A federal judge on Tuesday sent a Waterville man back to prison in part for not reporting the $10,000 he received in a settlement from Betty Crocker after he alleged the company’s red measuring spoons made him sick.
In ruling that Gregory P. Violette violated the conditions of his supervised release, U.S. District Judge George Singal called the violation “the most egregious” in his 20 years on the federal bench and predicted that Violette would one day “get the idea again that there are some sheep out there to be fleeced” and be back before a judge.
Singal ruled that Violette, 63, violated his supervised release last year by selling securities without a license, taking out a $150,000 loan to buy a home, buying a $2,000 wedding band set without permission from his probation officer and lying about his earnings. Singal sent Violette back to prison for 27 months.
Violette admitted Tuesday that he violated the conditions of his release.
It was the third time Violette was sent back to prison for not complying with the conditions of his supervised release.
Violette originally was charged in 2000, the same year Singal was confirmed as a federal judge by the U.S. Senate
“We’ve known each other as long as I’ve been on the bench,” he told Violette on Tuesday. “This is the most egregious violation of supervised release and court orders I’ve seen in my 20 years on the bench. It is a deliberate and callous disregard for the rules of society.”
Singal ordered that Violette’s supervised release terminate when he completes the 27-month sentence.
According to court documents, Violette deposited the settlement check from General Mills, the parent company of Betty Crocker, in his bank account on Dec 19. Violette acted as his own attorney when he filed the product liability lawsuit in September 2018 in federal court in Bangor seeking $250,000 in damages. He claimed that on or about July 16, 2018, he bought two sets of Betty Crocker red measuring spoons to use to measure a coconut oil and peanut butter mix he eats daily. The Betty Crocker emblems on two tablespoons came off and got into his food, sickening him, he claimed.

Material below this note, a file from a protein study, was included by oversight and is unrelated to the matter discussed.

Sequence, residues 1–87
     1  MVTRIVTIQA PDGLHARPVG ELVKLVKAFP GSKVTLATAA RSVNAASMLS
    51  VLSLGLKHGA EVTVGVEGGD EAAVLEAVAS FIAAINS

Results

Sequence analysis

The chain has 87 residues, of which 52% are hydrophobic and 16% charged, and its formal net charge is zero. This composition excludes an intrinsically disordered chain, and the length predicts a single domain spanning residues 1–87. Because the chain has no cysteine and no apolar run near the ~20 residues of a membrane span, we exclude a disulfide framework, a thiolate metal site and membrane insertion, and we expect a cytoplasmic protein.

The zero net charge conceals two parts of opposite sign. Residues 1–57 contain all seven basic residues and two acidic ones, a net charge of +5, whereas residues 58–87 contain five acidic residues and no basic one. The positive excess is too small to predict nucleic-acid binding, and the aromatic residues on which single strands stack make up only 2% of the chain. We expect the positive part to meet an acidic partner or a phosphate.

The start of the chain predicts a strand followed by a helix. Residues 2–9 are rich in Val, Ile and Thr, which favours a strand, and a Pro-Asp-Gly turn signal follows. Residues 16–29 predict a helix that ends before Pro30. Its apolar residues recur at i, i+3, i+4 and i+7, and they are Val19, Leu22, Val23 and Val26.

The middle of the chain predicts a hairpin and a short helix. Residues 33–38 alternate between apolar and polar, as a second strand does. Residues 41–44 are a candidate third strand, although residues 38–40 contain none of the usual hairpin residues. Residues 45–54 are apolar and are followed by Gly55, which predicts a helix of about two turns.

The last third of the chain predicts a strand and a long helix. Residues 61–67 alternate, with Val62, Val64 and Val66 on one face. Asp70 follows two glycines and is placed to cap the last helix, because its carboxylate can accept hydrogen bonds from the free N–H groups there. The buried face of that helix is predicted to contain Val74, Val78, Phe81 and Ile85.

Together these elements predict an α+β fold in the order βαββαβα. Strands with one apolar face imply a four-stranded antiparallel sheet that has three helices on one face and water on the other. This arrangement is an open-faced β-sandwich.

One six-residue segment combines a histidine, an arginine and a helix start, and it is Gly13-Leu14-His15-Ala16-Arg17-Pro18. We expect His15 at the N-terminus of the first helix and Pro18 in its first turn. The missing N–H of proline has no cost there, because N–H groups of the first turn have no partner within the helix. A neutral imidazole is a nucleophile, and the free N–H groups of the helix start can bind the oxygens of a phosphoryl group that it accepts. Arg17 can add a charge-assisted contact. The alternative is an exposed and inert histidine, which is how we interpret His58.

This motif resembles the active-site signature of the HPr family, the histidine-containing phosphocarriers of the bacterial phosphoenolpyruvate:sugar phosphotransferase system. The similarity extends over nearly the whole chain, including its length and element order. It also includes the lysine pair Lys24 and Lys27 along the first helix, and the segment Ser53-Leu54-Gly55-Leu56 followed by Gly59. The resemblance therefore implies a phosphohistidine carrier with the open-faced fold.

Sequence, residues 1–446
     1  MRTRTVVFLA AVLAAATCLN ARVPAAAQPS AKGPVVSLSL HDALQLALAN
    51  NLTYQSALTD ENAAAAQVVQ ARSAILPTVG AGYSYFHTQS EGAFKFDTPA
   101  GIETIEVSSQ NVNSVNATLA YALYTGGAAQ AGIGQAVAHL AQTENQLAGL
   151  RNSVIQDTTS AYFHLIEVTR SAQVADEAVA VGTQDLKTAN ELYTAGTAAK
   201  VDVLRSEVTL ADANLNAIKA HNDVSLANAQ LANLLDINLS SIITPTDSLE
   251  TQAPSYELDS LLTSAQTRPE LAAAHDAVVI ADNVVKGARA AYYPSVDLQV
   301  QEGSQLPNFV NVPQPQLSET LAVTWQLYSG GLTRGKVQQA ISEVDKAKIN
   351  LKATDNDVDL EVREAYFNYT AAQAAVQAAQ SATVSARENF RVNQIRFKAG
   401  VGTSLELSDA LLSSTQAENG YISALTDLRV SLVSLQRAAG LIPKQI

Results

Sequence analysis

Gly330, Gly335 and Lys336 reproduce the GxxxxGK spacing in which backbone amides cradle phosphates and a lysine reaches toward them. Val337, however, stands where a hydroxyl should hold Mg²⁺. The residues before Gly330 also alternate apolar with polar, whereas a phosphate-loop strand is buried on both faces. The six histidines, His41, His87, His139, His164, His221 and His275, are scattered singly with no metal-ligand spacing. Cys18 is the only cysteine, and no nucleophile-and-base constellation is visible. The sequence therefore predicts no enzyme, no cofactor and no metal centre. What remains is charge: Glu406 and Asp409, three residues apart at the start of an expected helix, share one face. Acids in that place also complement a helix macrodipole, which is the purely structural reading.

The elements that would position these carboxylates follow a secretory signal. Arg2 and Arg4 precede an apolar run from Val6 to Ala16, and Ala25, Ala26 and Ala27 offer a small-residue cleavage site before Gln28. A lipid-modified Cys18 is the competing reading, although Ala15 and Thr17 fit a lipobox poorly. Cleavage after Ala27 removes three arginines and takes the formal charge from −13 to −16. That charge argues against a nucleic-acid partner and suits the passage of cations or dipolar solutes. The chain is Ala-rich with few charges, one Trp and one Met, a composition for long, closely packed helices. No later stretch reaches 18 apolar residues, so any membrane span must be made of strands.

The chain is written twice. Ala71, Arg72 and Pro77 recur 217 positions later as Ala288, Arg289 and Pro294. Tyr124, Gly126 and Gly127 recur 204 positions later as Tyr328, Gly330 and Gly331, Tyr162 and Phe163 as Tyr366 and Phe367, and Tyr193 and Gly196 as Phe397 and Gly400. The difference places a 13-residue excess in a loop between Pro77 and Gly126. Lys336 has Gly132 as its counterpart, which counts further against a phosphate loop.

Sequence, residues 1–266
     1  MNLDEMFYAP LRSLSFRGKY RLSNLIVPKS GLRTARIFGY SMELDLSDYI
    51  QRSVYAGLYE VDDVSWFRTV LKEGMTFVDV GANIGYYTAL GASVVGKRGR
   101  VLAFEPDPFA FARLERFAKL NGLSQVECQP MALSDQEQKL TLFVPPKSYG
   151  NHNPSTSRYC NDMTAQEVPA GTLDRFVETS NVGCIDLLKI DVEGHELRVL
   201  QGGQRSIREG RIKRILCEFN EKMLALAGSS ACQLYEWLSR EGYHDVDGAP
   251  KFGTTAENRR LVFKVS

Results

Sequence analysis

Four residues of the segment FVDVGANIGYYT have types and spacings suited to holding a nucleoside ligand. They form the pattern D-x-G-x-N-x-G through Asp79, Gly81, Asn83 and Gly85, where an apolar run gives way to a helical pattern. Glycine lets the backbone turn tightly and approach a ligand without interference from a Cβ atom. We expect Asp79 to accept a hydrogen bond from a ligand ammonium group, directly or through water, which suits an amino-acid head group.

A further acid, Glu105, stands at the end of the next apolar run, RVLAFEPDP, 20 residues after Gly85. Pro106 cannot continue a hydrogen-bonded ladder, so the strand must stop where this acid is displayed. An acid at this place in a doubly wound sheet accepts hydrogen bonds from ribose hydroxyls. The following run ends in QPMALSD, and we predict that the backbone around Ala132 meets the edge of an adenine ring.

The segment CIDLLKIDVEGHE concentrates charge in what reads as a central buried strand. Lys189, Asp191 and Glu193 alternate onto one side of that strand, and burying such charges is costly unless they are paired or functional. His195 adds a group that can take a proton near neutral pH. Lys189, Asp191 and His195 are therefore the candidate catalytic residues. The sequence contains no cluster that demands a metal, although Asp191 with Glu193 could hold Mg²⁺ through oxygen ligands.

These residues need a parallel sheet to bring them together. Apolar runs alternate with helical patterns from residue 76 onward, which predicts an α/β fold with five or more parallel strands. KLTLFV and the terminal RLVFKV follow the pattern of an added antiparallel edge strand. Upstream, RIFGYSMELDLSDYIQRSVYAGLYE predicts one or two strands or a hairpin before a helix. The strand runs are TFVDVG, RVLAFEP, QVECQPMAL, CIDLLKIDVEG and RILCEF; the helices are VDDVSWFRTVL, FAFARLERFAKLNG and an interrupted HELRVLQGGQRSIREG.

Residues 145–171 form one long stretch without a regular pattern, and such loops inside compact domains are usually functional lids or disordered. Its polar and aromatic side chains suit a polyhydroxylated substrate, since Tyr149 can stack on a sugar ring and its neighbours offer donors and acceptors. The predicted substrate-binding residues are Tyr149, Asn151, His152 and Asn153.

The amount of the settlement was not made public until U.S. Probation and Pretrial Service filed an amended motion to revoke Violette’s probation last month.
Violette originally was indicted in May 2000 after federal agents uncovered a sophisticated, expansive fraud scheme that lasted nine years and included illegally withdrawing funds from financial institutions in Penobscot, Piscataquis and Kennebec counties.
On Oct. 30, 2002, Singal sentenced Violette to seven years and three months in federal prison after he pleaded guilty to nine counts of making false statements to financial institutions, six counts of mail fraud, three counts of money laundering, and one count each of wire fraud and bankruptcy fraud.
In addition to prison time, the judge sentenced Violette to five years of supervised release and ordered him to pay more than $422,600 in restitution. In a plea agreement with the U.S. attorney’s office, the remaining 70 counts were dismissed.
At his original sentencing more than 16 years ago, Violette claimed to have a doctorate in business from a university that advertised degrees for sale on matchbook covers.
Violette first was released from prison after earning some good time and began serving his supervised release in December 2008, according to court documents. He was sent back to prison in March 2014 for 10 months for violating the conditions of his release.
Sixteen months later, Singal sent Violette back to prison for 18 months for failing to pay restitution that then totaled nearly $406,500. The judge also found that Violette had tried to hide assets by transferring money to his wife.
As of Tuesday, Violette owed more than $413,510 in restitution and interest, according to the U.S. attorney’s office.
Violette had been held at the Somerset County Jail for about a month, since his bail was revoked. That time will be applied to his sentence.